Now registered blind, Anthony was diagnosed with the degenerative eye condition, retinitis pigmentosa, in 2012. Anthony said: “Although mindful of it, they did not make an issue of my disability. The teams were very welcoming – it was like one big family. And I was made to feel part of that”.
The shadowing sessions culminated in a mock interview with Strategic Account Manager, Andy Bear. Anthony said: “The mock interview was invaluable. I received some great advice. It reassured me that my technique was not totally off-point and showed me areas where I could improve”.
Lockton has supported Thomas Pocklington Trust in various ways over the last few years. It held employment workshops at its offices. Attended by blind and partially sighted people from all over the UK, this included information on what employers are looking for and details of its own recruitment processes. It has also hosted mock interviews, provided CV feedback for visually impaired candidates and ran sessions on what makes a good CV and application form.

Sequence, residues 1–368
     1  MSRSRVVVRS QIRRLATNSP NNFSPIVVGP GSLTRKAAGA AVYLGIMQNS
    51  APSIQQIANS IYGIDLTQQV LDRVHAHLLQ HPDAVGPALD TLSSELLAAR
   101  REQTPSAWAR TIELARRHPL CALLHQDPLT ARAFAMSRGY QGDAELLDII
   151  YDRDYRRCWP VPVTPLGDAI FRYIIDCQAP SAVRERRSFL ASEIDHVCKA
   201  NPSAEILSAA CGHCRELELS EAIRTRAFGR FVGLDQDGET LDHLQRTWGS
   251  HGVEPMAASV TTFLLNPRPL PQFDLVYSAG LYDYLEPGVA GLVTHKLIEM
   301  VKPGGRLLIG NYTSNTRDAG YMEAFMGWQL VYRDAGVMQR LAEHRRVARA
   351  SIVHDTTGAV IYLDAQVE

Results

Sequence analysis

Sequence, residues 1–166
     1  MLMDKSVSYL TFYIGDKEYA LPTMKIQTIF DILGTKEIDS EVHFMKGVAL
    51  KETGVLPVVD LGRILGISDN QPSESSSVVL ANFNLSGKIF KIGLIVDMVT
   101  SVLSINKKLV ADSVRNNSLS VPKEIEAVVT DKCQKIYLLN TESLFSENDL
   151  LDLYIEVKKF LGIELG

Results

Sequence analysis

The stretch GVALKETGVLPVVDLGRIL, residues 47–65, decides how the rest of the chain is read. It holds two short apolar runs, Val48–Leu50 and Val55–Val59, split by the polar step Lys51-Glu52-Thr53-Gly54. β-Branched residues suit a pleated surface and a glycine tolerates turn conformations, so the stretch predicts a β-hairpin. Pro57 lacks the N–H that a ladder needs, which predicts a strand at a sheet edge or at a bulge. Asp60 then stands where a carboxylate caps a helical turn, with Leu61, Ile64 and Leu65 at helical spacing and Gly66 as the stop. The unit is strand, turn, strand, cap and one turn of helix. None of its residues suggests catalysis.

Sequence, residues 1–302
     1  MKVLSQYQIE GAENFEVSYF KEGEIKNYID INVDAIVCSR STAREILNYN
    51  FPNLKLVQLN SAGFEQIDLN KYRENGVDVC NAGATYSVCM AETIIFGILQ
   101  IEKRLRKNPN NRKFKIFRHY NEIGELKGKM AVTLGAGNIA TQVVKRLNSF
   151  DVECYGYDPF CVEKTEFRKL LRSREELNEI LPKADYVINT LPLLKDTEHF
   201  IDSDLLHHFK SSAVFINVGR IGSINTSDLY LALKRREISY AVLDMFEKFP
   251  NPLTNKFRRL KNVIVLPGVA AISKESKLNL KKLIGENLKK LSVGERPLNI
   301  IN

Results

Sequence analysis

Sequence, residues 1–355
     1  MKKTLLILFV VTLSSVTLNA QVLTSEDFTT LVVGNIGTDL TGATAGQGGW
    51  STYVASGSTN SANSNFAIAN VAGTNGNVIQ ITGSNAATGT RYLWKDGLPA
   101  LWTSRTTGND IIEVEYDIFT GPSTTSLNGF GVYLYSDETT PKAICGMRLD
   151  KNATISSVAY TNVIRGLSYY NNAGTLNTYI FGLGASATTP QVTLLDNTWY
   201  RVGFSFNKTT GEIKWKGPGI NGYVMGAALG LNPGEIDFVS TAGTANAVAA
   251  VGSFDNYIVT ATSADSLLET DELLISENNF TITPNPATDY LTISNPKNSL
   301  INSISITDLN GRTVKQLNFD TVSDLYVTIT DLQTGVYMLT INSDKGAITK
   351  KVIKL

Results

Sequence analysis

Andy Bear commented:“Lockton has worked with TPT over the past few years to help people like Anthony deal with the challenges of getting into the workplace. The blind and partially sighted community have much to offer the business community but it can be challenging, even daunting, trying to demonstrate this. Building a few basic skills can be invaluable in making this happen”.
The company recently won the Diversity & Inclusion award at this year’s Broker Innovation Awards in London. Katie said: “Regardless of our CSR commitments, people at Lockton want to contribute to the community – it’s part of our culture.”